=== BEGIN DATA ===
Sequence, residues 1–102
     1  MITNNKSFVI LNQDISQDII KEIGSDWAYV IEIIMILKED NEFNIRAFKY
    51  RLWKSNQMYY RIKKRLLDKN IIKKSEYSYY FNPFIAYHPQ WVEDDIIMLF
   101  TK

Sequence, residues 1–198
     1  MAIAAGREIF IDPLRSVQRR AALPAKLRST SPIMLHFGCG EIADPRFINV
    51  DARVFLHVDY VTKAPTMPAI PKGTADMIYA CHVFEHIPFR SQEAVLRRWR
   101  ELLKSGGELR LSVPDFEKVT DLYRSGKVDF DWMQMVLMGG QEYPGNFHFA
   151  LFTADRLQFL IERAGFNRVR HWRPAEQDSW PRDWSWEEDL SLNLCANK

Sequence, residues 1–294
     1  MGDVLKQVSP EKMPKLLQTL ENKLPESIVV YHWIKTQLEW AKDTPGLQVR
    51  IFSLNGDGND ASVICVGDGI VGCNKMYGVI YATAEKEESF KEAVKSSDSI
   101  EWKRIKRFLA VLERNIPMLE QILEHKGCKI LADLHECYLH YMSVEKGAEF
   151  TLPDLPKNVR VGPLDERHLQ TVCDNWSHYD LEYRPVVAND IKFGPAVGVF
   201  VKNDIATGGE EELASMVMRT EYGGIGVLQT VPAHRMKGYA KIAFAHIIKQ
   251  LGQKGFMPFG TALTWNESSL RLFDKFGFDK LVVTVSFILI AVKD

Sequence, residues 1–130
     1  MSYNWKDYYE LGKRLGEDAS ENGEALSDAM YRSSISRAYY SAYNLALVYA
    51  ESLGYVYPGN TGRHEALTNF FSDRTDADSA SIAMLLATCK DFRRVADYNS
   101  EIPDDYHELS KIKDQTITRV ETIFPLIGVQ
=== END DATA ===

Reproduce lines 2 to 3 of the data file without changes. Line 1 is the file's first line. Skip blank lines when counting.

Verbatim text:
     1  MITNNKSFVI LNQDISQDII KEIGSDWAYV IEIIMILKED NEFNIRAFKY
    51  RLWKSNQMYY RIKKRLLDKN IIKKSEYSYY FNPFIAYHPQ WVEDDIIMLF